Computer, heal thyself

July 14, 2004 | Source:

Why should humans have to do all the work? It’s high time machines learned how to take care of themselves.

“For at least three decades now, programmers have joked of ‘heisenbugs’ — software errors that surface at seemingly random intervals and whose root causes consistently evade detection.

“The name is a takeoff on Werner Heisenberg, the German physicist whose famous uncertainty principle posited that no amount of observation or experimentation could pinpoint both the position and momentum of an electron.

“‘A lot of the bugs we’re seeing in modern systems have been plaguing programmers from the beginning of time,’ says [Armando] Fox, the head of Stanford’s Software Infrastructures Group. ‘The only difference now is machines just crash faster.’ …

“‘Today’s systems have too many dials to watch; people can spend their whole lives figuring out how to make a database run well,’ [Steve] White says. ‘We want to stand this notion of systems management on its head. The system has to be able to set itself up. It has to optimize itself. It has to repair itself, and if something goes wrong, it has to know how to respond to external threats.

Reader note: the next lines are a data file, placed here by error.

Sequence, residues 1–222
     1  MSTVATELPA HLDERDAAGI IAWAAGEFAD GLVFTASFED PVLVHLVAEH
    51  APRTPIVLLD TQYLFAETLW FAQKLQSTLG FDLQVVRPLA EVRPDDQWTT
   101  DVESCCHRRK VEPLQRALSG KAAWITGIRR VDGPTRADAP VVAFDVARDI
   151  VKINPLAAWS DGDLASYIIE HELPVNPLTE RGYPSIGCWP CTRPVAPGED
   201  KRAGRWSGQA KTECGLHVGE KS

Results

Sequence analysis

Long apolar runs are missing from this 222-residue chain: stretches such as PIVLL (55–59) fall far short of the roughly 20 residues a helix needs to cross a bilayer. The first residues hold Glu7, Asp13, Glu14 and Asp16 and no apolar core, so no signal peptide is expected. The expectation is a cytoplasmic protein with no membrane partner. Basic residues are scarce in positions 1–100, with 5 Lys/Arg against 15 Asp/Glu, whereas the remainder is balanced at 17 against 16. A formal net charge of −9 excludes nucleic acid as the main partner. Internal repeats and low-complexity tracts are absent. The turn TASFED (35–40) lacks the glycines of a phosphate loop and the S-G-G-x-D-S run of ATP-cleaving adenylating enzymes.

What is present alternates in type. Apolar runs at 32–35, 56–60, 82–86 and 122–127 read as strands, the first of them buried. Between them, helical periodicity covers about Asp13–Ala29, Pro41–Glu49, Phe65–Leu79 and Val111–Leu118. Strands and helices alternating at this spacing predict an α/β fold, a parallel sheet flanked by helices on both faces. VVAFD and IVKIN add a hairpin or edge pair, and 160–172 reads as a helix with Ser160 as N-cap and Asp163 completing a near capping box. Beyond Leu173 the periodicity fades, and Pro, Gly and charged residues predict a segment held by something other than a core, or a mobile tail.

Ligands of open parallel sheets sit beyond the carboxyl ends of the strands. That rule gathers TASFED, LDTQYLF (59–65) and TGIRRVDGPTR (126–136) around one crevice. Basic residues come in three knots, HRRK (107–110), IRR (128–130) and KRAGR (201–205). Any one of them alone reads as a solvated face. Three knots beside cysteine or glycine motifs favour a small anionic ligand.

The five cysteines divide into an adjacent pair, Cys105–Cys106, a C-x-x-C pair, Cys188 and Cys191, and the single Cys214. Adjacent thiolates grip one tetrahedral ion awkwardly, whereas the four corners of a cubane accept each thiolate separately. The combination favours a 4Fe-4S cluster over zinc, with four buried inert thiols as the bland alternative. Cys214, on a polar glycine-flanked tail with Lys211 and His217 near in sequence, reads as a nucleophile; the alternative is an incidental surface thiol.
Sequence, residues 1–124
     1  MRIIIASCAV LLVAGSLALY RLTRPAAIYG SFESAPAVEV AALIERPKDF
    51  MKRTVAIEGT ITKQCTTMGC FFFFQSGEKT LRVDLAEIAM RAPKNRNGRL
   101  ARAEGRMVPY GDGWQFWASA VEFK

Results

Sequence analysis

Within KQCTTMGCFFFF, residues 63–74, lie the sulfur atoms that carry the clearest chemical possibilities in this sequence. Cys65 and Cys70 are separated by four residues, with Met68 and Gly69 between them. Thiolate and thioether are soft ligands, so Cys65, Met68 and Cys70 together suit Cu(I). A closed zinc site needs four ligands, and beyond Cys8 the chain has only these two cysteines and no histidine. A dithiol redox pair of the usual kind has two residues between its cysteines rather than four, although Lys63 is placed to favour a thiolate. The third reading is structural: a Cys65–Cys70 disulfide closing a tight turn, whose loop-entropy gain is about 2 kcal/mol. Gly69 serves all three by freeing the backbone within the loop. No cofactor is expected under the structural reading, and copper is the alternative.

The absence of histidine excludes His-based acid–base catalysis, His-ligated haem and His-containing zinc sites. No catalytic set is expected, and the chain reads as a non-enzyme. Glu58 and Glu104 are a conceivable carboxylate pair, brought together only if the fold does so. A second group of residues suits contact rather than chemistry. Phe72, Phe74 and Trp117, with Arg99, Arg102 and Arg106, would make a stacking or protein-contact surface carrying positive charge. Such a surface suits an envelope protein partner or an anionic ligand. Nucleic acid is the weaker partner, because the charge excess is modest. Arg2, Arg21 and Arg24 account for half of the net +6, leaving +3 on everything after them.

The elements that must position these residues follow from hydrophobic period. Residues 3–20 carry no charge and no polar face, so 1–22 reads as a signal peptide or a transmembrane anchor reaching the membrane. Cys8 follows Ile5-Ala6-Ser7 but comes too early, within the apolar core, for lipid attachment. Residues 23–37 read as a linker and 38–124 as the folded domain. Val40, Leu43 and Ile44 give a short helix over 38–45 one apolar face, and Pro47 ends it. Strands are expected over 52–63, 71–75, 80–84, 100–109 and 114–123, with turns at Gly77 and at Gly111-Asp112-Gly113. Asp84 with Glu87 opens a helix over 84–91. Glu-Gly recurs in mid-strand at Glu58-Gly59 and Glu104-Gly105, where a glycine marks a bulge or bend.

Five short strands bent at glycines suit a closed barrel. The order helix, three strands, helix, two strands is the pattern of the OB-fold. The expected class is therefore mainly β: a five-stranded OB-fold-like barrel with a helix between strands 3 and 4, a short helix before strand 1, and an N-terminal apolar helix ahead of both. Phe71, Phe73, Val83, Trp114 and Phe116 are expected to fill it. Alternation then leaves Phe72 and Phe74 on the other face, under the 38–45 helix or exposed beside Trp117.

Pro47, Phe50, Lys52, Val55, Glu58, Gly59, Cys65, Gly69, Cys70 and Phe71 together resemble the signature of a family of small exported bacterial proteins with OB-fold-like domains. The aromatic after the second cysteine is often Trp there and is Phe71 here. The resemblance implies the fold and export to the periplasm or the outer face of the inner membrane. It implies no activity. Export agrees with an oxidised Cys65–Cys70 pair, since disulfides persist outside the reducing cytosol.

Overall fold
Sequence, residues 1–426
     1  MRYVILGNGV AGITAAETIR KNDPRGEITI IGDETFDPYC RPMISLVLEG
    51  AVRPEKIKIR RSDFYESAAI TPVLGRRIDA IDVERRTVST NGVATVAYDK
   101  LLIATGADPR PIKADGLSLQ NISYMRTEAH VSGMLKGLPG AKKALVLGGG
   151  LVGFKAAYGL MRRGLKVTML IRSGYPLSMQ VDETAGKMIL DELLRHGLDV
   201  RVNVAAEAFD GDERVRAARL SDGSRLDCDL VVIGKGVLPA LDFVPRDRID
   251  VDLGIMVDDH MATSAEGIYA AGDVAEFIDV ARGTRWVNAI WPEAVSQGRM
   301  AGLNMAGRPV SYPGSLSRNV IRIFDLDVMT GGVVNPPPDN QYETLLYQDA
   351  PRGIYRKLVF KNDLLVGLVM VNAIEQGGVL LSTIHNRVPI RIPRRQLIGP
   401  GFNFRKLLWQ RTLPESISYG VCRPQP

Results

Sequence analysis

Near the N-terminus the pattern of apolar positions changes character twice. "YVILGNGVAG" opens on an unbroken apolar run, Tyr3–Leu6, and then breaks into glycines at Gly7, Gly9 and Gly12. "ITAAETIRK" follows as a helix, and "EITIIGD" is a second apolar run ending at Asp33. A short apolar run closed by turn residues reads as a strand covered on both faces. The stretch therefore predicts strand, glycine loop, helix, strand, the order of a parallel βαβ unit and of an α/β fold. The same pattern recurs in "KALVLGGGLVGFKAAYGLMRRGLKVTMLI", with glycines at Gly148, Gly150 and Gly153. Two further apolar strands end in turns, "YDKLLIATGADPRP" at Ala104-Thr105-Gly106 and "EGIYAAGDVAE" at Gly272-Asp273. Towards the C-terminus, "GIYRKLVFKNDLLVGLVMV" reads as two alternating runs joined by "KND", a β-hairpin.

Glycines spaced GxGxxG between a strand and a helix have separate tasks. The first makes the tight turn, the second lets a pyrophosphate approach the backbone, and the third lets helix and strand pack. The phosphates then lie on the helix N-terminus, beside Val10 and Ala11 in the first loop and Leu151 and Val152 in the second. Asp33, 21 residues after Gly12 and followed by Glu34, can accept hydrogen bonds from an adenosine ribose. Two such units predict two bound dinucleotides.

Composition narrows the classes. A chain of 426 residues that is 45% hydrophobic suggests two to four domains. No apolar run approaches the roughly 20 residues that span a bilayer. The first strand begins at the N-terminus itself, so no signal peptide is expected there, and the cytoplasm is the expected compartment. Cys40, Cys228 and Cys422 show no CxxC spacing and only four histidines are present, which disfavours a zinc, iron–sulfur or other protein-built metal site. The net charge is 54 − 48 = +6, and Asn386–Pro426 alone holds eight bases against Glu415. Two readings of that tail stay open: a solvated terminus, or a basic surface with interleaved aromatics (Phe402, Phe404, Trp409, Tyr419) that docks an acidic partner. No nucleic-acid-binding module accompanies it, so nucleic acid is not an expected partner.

“If I can think about the system at that level, I’m using humans for what they’re good at, and I’m using the machines for what they’re good at. That’s the idea here.’”

  • share

Computer, Heal Thyself

July 25, 2003 | Source: SpaceDaily

Researchers from Australia’s Cooperative Research Centre for Satellite Systems have succeeded in building a computer that can repair itself in space.

The scientists used a combination of smart software and field programmable gate arrays.

In what Australian researchers believe to be a world first, FedSat’s High Performance Computing Experiment has detected a fault caused by stray space radiation, analysed the problem, and restored itself to full capability –- all without human intervention.

close and return to Home